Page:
Depression and anxiety carry a lot of stigmas. Before I experienced them myself, I tried to not give in to the stigmas. However, now that I have personal experience there is no way I can give into the stigma. In fact, I fight against it. Here are some things I wish I had known before experiencing the symptoms myself.
The Physical Pain
I always knew that mental pain was a part of depression and anxiety, but physical pain is a big part of it as well. My doctor introduced an idea she has about fibromyalgia that makes a lot of sense to me.
She thinks it comes from the pain of depression and anxiety – there is so much going on in my mind that I force it into my body instead. I didn’t show any signs of fibromyalgia until my depression and anxiety got really bad.
Of course everyone that has depression and/or anxiety doesn’t have fibromyalgia. However, I’m sure each of them would express some form of physical pain they have experienced because of their condition.
It’s More Than Sadness and Worrying
My depression usually manifests itself in apathy. Apathy is 100% different from sadness. When it hits, I feel almost literally nothing. This is a common symptom of clinical depression.
Depression can also manifest itself as irritability; believe me, this is definitely me sometimes! It’s frustrating because it’s not how I want to be and I know it isn’t really me, but it is so hard to push against.
On the other side of things, anxiety is so much more than just worrying. The word anxiety is thrown around a lot in modern culture, so it’s easy to get used to the word and not understand its true meaning. I really like the way my therapist defines anxiety: negatively predicting the future.
Oh man, if I had known this 20 years ago! I really do think I have had anxiety my whole life. It wasn’t until I had panic attacks that I saw it in myself. But hindsight is always 20/20 right?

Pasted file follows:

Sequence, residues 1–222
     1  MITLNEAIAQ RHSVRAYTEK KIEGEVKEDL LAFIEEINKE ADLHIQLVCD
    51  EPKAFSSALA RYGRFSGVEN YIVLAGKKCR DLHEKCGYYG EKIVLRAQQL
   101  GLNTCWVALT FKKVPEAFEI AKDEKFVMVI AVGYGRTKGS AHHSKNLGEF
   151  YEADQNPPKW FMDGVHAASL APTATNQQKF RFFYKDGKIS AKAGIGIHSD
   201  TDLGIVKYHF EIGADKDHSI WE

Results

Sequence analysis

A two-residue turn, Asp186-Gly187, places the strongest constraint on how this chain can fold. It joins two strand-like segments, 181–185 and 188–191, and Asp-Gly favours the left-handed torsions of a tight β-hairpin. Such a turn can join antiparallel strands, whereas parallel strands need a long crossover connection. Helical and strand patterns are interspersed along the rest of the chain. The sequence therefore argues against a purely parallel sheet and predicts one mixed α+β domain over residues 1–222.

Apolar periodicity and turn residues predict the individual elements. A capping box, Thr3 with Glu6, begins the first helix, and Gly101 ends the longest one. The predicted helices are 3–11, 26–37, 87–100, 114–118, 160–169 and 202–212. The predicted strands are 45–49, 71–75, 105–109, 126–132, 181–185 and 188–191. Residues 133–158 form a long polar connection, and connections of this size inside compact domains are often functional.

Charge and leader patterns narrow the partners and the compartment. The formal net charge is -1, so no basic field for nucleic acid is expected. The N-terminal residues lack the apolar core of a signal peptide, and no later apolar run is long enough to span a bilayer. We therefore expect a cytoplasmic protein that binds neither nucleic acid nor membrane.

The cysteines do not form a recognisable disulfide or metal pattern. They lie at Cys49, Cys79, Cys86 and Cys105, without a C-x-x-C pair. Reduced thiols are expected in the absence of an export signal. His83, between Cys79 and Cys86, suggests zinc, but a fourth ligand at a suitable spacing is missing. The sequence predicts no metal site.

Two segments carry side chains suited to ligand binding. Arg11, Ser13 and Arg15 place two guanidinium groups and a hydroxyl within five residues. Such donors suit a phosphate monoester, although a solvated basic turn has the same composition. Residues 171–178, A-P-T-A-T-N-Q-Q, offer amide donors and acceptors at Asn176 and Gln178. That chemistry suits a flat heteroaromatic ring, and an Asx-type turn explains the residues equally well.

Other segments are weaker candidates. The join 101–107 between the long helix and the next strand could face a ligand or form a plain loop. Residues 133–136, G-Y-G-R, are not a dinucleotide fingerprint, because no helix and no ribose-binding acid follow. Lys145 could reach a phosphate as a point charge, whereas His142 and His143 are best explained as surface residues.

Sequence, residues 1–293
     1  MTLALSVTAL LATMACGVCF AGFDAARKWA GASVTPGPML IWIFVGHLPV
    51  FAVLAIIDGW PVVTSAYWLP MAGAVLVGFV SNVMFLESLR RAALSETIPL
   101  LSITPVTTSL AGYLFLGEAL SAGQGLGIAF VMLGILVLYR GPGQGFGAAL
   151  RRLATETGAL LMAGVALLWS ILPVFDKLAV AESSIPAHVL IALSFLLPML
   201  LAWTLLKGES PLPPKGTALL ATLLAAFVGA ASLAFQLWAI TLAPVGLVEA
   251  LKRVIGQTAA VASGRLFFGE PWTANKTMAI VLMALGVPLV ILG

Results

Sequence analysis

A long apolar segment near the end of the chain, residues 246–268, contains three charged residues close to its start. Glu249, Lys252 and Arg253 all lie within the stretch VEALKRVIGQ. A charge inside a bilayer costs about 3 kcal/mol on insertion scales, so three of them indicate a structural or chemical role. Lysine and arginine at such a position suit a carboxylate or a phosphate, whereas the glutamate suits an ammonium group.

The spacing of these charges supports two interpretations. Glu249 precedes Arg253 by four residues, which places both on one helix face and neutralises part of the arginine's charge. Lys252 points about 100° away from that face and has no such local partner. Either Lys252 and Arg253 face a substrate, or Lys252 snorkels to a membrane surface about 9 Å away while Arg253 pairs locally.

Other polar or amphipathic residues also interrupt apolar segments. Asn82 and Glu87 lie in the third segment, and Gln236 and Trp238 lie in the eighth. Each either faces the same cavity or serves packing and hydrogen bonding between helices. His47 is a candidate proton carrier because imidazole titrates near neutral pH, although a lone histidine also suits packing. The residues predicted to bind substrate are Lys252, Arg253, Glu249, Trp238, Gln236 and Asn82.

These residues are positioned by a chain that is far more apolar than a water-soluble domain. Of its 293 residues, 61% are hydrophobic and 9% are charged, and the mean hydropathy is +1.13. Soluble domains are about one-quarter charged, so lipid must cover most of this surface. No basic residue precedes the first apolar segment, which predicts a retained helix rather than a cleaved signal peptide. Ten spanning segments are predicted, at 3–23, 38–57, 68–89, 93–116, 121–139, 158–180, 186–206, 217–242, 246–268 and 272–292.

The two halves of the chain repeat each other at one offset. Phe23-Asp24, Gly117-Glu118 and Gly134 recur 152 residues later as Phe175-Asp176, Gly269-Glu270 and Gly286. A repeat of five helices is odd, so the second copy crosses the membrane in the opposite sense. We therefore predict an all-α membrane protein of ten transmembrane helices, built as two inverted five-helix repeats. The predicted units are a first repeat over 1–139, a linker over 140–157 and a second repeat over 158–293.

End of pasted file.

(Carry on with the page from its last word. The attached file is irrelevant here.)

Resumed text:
When I’m having a panic attack, I feel pure terror. I wish I had known what it would feel like, but that’s impossible until you’ve experienced something for yourself.
How Much It Affects Relationships
Depression and anxiety is difficult to deal with whether you are the one that has one or both or someone you love does. I never imagined how difficult it would make my relationships with others. This goes for romantic relationships, friendships, and relationships with family members. However, I have found that those I have a relationship with are much more understanding with me than I am with myself.
As I mentioned before, anxiety is negatively predicting the future. I think anyone can relate to this when it comes to relationships. You do or say one little thing wrong and you immediately assume the worst. Or is that just me…? 😉 That mostly goes for romantic relationships.
With family relationships, I get very irritable and don’t want to be around any of them. I first noticed this in high school. I thought I was just a moody teenager, but turns out it was probably a symptom of my mental illnesses.
The biggest way that depression and anxiety affect my friendships is through my mood and energy. If someone invites me to something, it seems that I’m always feeling great when they do. But fast forward to the event and I would rather die than go out and be social. I am grateful to have friends who understand and are trustworthy. However, I still sometimes feel like a bad friend.
How Real It Is
Needless to say at this point, depression and anxiety are absolutely real. It is easy to be convinced that it is all in your head. Other people may think and say that, but don’t let them convince you. I wish I had known how hard it is to know every day that something is wrong with your mind. I am learning how to use my mental illness instead of it using me.
This blog is one way I’m using it – to empathize and create a community. Depression and anxiety thrive on loneliness. So please: know that you are not alone. Even if you do not have a mental illness, you are not alone in your challenges. Please let us in. There are people around you who love and care for you. If you aren’t so convinced, at least know that I do even if I don’t know you personally.